First Drive: 2005 Mercury Mariner V-6

A well-appointed and stylish compact SUV that practically anyone can afford

Mark Williams
Jul 5, 2005
Photographers: The Manufacturers
Named the Mercury Mariner, this compact SUV shares its platform and powertrain with the popular Ford Escape, with only a few cosmetic exceptions. The Mariner is for people who want more than a run-of-the-mill fully loaded Escape, but can't afford to make the jump into the larger and much more expensive Lincoln Aviator. The result is a well-appointed and stylish compact SUV that practically anyone can afford. That's not a bad formula for success.
Mariners will be offered with two engine options: the Duratec 23 all-aluminum four-cylinder (rated at 153 horsepower at 5800 rpm and 152 pound-feet of torque at 4250 rpm), and the Duratec 30 all-aluminum V-6 (200 horsepower at 6000 rpm and 193 pound-feet of torque at 4850 rpm). Both are paired with a four-speed automatic, and, like the Escape, Mariners can be ordered in front- or all-wheel-drive configurations. No changes have been made to the suspension or chassis to give the Mariner a different ride or handling feel. We understand the cost-savings angle, but it would've been more appropriate to have the differences between the two vehicles be more than just decorative. We assume the next Mariner will include more significant changes.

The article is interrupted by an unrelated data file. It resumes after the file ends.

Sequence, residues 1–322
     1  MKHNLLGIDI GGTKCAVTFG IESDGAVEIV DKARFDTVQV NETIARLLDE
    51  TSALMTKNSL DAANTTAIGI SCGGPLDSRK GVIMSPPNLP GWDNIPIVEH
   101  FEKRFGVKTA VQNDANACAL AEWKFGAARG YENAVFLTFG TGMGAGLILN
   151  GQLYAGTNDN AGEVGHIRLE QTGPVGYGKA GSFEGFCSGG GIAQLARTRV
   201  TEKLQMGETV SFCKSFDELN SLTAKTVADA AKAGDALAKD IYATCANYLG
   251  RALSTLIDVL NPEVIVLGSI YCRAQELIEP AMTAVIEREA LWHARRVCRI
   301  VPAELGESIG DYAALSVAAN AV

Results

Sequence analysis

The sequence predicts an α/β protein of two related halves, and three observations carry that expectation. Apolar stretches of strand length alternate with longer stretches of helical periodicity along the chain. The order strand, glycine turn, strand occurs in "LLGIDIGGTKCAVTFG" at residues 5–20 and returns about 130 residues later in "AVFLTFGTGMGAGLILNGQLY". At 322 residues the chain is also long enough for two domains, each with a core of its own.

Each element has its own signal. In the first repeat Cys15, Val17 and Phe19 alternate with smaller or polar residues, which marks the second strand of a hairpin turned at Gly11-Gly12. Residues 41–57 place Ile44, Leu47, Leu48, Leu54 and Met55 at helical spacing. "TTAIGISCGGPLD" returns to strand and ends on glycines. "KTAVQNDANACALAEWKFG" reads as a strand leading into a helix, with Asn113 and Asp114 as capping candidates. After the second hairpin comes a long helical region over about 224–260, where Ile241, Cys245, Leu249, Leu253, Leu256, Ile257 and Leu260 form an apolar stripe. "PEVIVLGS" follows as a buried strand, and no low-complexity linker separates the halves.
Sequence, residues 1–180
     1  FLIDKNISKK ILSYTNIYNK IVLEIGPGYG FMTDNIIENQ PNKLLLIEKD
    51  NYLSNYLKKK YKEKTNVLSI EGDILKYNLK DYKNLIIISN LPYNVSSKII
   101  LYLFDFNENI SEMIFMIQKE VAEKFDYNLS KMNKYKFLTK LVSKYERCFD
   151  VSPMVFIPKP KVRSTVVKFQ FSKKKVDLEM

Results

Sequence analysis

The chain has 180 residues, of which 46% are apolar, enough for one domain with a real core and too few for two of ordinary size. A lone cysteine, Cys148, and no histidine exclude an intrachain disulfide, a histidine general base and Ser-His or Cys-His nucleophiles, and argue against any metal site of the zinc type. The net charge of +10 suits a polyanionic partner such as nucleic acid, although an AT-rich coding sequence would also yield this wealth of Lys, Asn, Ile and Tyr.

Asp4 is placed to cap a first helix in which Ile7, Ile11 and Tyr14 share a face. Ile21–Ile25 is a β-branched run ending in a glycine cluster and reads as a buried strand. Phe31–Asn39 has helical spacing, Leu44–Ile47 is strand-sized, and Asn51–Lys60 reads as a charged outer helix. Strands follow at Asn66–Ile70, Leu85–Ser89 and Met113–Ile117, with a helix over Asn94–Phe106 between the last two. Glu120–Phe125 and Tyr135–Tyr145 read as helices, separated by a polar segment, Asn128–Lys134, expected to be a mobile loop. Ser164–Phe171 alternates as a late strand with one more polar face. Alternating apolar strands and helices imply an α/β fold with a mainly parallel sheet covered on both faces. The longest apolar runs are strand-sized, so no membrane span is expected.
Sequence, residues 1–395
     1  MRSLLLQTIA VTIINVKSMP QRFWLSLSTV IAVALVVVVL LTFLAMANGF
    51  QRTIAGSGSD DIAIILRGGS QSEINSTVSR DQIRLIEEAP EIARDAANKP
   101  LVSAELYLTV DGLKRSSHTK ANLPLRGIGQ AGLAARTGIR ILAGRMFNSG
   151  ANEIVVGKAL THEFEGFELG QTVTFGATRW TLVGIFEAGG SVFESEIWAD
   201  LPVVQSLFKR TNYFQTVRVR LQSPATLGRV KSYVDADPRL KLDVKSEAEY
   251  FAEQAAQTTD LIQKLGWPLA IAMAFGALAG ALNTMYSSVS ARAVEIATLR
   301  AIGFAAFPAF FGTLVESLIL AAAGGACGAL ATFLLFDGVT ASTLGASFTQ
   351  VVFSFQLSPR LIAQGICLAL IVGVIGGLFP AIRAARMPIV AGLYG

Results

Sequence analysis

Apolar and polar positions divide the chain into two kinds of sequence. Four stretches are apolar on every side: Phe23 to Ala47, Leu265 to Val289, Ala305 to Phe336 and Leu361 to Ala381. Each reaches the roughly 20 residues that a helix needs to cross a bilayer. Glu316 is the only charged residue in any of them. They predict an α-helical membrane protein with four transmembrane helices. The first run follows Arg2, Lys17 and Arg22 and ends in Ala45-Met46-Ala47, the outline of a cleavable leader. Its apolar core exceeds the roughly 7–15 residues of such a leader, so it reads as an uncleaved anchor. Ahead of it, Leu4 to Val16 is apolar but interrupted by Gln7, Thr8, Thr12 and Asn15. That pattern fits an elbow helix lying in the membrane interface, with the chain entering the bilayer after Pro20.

We're told the Mercury satin-finish front grille, unique headlamps and foglights, and brand name splashed across the front bumper will begin to work its way across other models as five more Mercury vehicles make their debut in the next four years. Other Mercury-only accents include European-type turn signals, two aluminum wheel choices, and taillight-lens protectors. However, the biggest differentiation between the Mariner and Escape comes in the form of more luxurious fabric and leather choices for the interiors. According to the manufacturer, the seat-foam density is specifically designed for the Mercury buyer (presumably for more discriminating butts). Other interior details that further separate the Mariner from its peers include the chrome, brushed-aluminum, and wood-grain highlights that give the gauges, center stack, and dash a markedly up-level feel and look.
Cargo flexibility is nothing special--66 cubic feet of cargo area with the rear seats folded flat. Overall driving dynamics are sound, but also nothing special. We like the steady and predictable feel of the steering, but wouldn't mind if Mercury tightened it up for better responsiveness.
Next year, expect the Mariner to get the same hybrid drive system now offered in the Escape Hybrid. Thankfully, the Mariner won't cost much more than its Ford counterpart, starting around $22,000 for the four-cylinder, going up to $28,000 fully optioned.



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